Differential diagnosis of pediatric chemical pneumonitis

Approach to the differential diagnosis of chemical pneumonitis:

  • The radiographic findings in chemical pneumonitis usually consist of nonspecific interstitial infiltrates and therefore the diagnosis is best made when correlated with the clinical history
    In the newborn, chemical pneumonitis is due to meconium aspiration syndrome which is suspected in the patient with meconium-stained amniotic fluid and confirmed when meconium is seen beneath the vocal cords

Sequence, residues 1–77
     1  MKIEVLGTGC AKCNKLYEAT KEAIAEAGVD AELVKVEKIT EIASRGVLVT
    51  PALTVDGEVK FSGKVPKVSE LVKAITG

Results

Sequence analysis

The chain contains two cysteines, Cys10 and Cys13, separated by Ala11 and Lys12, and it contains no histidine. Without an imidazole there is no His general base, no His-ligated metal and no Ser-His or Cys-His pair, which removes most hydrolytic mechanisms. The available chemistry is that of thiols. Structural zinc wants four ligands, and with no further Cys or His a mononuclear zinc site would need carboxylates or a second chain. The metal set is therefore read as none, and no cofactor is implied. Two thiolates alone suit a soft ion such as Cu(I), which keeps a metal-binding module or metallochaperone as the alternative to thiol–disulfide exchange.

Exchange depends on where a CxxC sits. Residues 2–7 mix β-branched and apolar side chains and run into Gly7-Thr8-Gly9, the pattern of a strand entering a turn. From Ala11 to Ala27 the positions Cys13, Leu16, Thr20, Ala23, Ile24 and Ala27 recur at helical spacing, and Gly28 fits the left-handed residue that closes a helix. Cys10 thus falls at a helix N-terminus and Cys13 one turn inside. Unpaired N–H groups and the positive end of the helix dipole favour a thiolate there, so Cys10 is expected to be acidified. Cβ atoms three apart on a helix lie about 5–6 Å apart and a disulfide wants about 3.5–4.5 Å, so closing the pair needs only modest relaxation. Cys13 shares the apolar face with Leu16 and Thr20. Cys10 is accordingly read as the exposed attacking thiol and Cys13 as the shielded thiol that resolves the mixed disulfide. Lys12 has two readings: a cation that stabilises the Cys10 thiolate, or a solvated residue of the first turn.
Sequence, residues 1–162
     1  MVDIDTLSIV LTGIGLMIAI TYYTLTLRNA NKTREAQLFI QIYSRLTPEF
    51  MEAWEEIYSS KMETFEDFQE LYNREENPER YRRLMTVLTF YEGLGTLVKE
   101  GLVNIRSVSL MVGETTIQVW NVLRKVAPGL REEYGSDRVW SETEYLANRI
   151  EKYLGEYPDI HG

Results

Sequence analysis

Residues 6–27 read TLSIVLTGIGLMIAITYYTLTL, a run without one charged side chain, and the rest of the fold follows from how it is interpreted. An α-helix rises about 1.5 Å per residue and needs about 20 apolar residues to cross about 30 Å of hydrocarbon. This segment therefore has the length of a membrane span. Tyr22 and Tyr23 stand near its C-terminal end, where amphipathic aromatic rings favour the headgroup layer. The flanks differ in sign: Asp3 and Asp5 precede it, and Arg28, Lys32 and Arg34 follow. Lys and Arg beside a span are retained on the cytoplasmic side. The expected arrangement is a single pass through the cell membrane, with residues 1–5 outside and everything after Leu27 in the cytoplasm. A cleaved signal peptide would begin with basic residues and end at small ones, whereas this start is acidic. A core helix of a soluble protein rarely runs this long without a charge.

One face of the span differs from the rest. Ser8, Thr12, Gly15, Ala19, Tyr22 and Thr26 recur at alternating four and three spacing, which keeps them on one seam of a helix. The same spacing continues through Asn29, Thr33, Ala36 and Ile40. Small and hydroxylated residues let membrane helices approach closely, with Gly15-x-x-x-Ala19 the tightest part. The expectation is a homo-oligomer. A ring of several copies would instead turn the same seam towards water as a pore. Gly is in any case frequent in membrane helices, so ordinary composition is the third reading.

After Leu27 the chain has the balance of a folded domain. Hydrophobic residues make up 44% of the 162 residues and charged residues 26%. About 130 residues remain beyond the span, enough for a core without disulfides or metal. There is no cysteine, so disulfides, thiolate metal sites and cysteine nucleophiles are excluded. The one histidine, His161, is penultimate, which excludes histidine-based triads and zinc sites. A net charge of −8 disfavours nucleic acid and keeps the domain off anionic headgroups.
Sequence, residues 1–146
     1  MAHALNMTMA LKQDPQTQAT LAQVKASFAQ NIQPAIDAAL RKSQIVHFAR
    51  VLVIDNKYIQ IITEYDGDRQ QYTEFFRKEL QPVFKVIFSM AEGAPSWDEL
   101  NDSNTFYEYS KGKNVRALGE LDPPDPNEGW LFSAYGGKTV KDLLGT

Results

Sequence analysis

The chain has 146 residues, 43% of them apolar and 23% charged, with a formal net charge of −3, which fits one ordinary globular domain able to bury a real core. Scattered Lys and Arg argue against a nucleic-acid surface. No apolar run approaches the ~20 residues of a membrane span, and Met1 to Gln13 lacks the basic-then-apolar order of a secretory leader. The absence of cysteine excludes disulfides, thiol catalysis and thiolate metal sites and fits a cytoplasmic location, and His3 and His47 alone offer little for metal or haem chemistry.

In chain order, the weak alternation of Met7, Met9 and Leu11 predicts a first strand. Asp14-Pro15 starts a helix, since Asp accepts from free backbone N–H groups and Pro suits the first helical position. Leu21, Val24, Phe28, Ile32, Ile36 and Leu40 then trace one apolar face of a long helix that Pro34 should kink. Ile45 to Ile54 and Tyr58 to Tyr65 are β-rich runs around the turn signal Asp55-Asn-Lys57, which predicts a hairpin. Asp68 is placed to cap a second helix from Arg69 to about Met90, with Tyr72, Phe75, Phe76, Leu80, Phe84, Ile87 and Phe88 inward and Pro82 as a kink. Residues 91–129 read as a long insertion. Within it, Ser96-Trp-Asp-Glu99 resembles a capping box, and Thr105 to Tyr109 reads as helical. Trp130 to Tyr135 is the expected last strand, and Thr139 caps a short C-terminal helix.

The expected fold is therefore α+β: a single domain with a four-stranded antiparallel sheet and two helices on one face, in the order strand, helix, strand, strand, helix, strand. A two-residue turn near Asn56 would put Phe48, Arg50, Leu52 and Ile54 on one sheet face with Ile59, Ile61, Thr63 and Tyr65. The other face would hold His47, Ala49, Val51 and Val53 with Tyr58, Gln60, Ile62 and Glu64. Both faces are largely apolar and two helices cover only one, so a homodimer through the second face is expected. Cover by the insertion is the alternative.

In the older child, aspiration pneumonia should be suspected as the etiology of lung infiltrates in the child who has difficulty with feeding, has sustained intracranial injury, has gastroesophageal reflux, or has developed them while under anesthesia
    Lipoid pneumonia should be suspected in children with a witnessed ingestion of a hydrocarbon-based liquid